To the Moms in the Midst of a Pandemic

To All My Mom Friends,

You are doing great! Do you hear me? Great. Cut yourself some slack. None of the parenting books or websites ever prepared us for what we would face as mothers and fathers in 2020.

As a nurse serving on the front lines of the COVID-19 pandemic, in a hard-hit area, I’ve gotten a lot of messages from fellow mothers with questions and concerns. They always start with, “I’m sorry, I know you’re busy,” or “I’m sorry, I know you probably get a lot of these messages.”

First off, no apologies allowed. I’m honored to be asked, and the fact that you’re seeking and asking questions means you’re a phenomenal parent. Don’t feel guilty for being a conscientious mother who cares. You should be applauded.

Mothering is hard. It’s hard when they’re growing in your belly and you can’t see if they’re ok. It’s hard when they’re newborns and wake you up every two hours, so small, perfect, and incredibly needy. It’s hard when they’re older, craving independence, yet still needing your guidance. It’s hard whether you work full time or you stay home full time, as I’ve done both. The point is, it’s hard all the time, but I don’t think the worst of sleepless nights or the grumpiest of preteen moods could prepare us for the season we are in right now. It’s unprecedented. It’s unprecedented for healthcare, government, and the school system. It’s unprecedented for us.

As a mother we are responsible for the well-being, be it physical, mental, or emotional, of our offspring. That’s a challenge on any given day, but factor in a novel virus, well, that makes it an emotional rollercoaster. This pandemic has made us worry about our own health, the health of our aging parents, and the health of our checking accounts. Balance on top of that the worries inherent in motherhood, and you’re like the Leaning Tower of Pisa. Where is Super Man to straighten that up?! Extra points for the middle-aged moms who get the reference.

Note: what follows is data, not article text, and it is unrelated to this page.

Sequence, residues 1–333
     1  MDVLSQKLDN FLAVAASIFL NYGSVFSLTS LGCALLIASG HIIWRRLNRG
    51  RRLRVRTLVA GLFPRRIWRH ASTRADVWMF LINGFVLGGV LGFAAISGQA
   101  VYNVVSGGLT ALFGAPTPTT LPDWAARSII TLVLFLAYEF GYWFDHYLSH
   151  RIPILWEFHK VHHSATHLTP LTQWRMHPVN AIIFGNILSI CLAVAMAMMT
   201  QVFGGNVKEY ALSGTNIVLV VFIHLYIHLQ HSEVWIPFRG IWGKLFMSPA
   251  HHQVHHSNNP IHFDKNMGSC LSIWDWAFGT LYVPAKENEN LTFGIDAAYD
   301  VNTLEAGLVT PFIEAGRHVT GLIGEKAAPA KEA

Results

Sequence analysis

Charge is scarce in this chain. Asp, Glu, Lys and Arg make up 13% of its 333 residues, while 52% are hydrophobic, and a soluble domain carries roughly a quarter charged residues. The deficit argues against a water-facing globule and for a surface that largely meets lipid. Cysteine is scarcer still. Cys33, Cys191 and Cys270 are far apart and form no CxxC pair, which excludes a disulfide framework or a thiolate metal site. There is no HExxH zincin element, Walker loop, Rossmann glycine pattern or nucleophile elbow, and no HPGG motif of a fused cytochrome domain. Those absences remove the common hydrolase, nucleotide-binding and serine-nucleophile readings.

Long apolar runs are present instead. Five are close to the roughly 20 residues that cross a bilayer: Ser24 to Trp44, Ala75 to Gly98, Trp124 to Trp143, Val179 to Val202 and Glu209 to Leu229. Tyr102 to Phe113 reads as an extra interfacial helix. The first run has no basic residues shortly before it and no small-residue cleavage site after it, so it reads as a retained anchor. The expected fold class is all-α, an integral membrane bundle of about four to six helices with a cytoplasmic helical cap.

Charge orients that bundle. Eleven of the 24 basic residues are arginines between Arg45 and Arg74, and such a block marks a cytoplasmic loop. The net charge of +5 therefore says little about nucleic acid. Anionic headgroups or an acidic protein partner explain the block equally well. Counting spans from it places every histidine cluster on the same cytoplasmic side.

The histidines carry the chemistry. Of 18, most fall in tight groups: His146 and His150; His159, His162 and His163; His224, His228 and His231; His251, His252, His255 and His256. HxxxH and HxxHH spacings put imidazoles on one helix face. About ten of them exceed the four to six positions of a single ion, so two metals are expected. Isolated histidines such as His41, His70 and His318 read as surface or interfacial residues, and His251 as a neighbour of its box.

My point is, who wouldn’t question themselves during this time in our country? I mean, does anyone really know all the facts, the whole story, and all the legit answers?! But who questions themselves the most? Moms, of course. We not only want to parent the kiddos. We want to knock it out of the park. We want to not screw them up for life. And definitely not have them infected by a virus that we still don’t really understand.

Yesterday I took my seven-year-old and nine years old to the grocery store. It’s the first time they’ve been since March. I cleaned the shopping cart and put them inside it with little masks and instructions not to touch anything! I couldn’t keep them locked away forever, but I could be wise.

I knew some people would judge me for taking them out in public when I didn’t have to.

I knew other people would judge me for putting masks on them. They would say I was living in fear, but that wasn’t the case at all. I was living as a mom, in the middle of a pandemic, the best way I knew how.

As a nurse mom, working at the hospital bedside, I understood the seriousness of this virus, and that is why other moms asked me for advice. At the end of the day, though, I realized we’re all the same. I may have seen tragedy related to this virus that I can’t forget, and that tragedy affects my parenting decisions, but in the end we are all doing the best we can in an uncertain, ever-changing situation. Here are some tips I’ve tried to adopt and pass along. They are kingdom-minded thought processes that guide my actions.

First, drop the mom guilt. Don’t feel too bad for your child. This is something you’re going through as well. At least my daughters don’t have to keep people alive. Lol. I’m just saying, it’s ok if you don’t get this right, because who really knows what that is. Feel like you overreacted about something? It’s cool. Just start fresh tomorrow. His mercies are new every morning.